Melissa Hinnant of Grace and Lace
How a Reluctant Entrepreneur Came Back to Her Roots and Built a Business by Finding Purpose in Response to Heartache
Written by Kat Cox
Interviewed by Kim Weeks
Photography by Leslie Hodge
Many of the most famous American businesses were built by families, passing traditions down through the years to build empires. Melissa Hinnant came from a family of entrepreneurs, and though she tried to fight it, eventually, the former real estate agent became one herself. She calls Grace & Lace her "accidental business."
"Both my parents are entrepreneurs, my grandparents were entrepreneurs, and their parents were entrepreneurs, and so are all my siblings. I think if I tried to run from it I don't know if I could. I had no intention of starting a business," Hinnant says.
Hinnant’s successful retail business, which has been featured on Shark Tank, arose from a personal tragedy. Early in her marriage, Hinnant was hospitalized for a difficult pregnancy. While bedridden, she needed to find a way to keep her hands busy.
"I had to do something," Hinnant says. "I couldn’t just watch TV all day, so I began knitting and sewing and creating baby blankets."
Knitting became more than a distraction during her hospital stay. As she grew more and more enamored with knitting as an act of creativity and creation, the foundation of her business was laid.
Sadly, the baby girl was born prematurely, and Hinnant and her husband lost their daughter soon after her birth. The sewing and knitting that Hinnant had turned to as a distraction during her bedrest became an artistic outlet for her grief.
"Through that loss and through that pain, I continued to sew, I continued to create, and I really began to heal," Hinnant says. "Knitting and sewing were things that I learned to do while I was [at the hospital], and I continued to do it after her loss."
Hinnant established a small Etsy shop to sell her creations. Shortly after her difficult loss, she had the idea to sew some lace on a pair of boot socks. At first, she made them for herself to wear but later realized that strangers really loved them.
"Everywhere I went, people would stop and ask me where I got my socks," Hinnant says. "When I said, 'I made them', strangers would ask, 'Can you make a pair for me? Can I buy them from you? Here's my number.'"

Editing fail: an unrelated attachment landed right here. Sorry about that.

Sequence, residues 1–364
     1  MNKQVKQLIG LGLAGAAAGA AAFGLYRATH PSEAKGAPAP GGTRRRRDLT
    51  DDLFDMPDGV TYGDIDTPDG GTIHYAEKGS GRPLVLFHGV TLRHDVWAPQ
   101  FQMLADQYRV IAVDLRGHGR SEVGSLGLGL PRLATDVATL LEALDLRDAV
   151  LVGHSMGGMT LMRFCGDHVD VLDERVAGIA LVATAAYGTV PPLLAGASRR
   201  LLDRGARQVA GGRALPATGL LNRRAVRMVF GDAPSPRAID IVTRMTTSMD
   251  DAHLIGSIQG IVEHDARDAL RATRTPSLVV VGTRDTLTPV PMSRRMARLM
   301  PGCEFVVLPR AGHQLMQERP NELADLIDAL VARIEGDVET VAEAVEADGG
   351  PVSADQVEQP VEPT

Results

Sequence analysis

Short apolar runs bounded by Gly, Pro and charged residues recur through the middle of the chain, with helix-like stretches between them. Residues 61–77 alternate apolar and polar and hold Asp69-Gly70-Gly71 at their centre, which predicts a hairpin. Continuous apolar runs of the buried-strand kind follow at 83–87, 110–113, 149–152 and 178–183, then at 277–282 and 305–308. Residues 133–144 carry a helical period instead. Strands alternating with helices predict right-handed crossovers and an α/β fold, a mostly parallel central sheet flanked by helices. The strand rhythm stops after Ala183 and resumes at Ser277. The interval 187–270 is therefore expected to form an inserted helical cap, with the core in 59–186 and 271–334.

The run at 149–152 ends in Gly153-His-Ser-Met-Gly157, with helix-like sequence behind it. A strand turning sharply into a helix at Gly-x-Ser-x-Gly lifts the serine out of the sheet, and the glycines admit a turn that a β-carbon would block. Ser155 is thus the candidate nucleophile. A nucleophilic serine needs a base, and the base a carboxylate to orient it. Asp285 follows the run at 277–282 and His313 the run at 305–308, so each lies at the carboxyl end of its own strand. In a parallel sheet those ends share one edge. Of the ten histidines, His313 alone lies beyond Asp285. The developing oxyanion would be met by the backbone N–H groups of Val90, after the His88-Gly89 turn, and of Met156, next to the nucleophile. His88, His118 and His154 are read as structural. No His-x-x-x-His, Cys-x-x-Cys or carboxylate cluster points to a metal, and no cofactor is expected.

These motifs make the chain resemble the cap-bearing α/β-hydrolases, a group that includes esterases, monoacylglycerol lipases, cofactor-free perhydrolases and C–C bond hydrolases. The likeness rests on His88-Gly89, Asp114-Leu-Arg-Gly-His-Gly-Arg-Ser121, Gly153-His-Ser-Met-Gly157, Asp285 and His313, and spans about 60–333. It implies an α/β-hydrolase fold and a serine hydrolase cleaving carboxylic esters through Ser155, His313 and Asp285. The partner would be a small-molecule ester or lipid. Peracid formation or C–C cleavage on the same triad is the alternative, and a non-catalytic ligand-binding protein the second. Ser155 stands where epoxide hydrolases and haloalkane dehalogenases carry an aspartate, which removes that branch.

As the number of strangers’ email addresses and phone numbers accumulated in her junk drawer, Hinnant’s husband, Rick, encouraged her to put the boot socks online to see if they would sell there. When Hinnant added the bootsocks to her Etsy shop the response was almost immediate, and she received more than 500 orders. In that moment, Grace and Lace was born.
Because it took five hours for Hinnant to finish a pair of boot socks, she knew she would either have to find a way to get orders out in a timely fashion or she’d have to return the money and tell the customers she couldn’t fill their orders. It was then that the entrepreneurial spirit that had been passed down in her family through generations kicked in.
"I started hiring my friends and neighbors, all of my stay-at-home mom friends," Hinnant says. "I taught them how to sew, taught them how to make boot socks and before we knew it, we had a business on our hands."
As she hired more friends and neighbors to serve more responsible and important roles, it became clear to Hinnant and her husband that they needed to take the business seriously. It wasn’t just about stay-at-home moms making extra cash; it was about supporting a growing number of full-time employees. In a bold leap of faith, Hinnant quit her job in real estate and convinced Rick to sell his landscaping business to join Grace and Lace as chief executive officer.
Building the company came with its share of challenges. Grace and Lace wasn’t necessarily as straightforward as it sounds. Though things did happen quickly, success didn’t come easily. Hinnant believes the initial tragedy out of which the company arose helped prepare her for the difficulties that confronted her as a novice business owner.
"Owning a business requires you to accept the fact that you're going to have hurdles to overcome. Our hurdles began from the loss of our daughter and the business was a response to coping with that tragic loss," Hinnant says.
The other hurdles came as Hinnant had to scale the rapidly expanding business. Suddenly Grace and Lace had 50 employees, and knowing that it was up to her to ensure these employees could feed their families created a new fear of failure for Hinnant.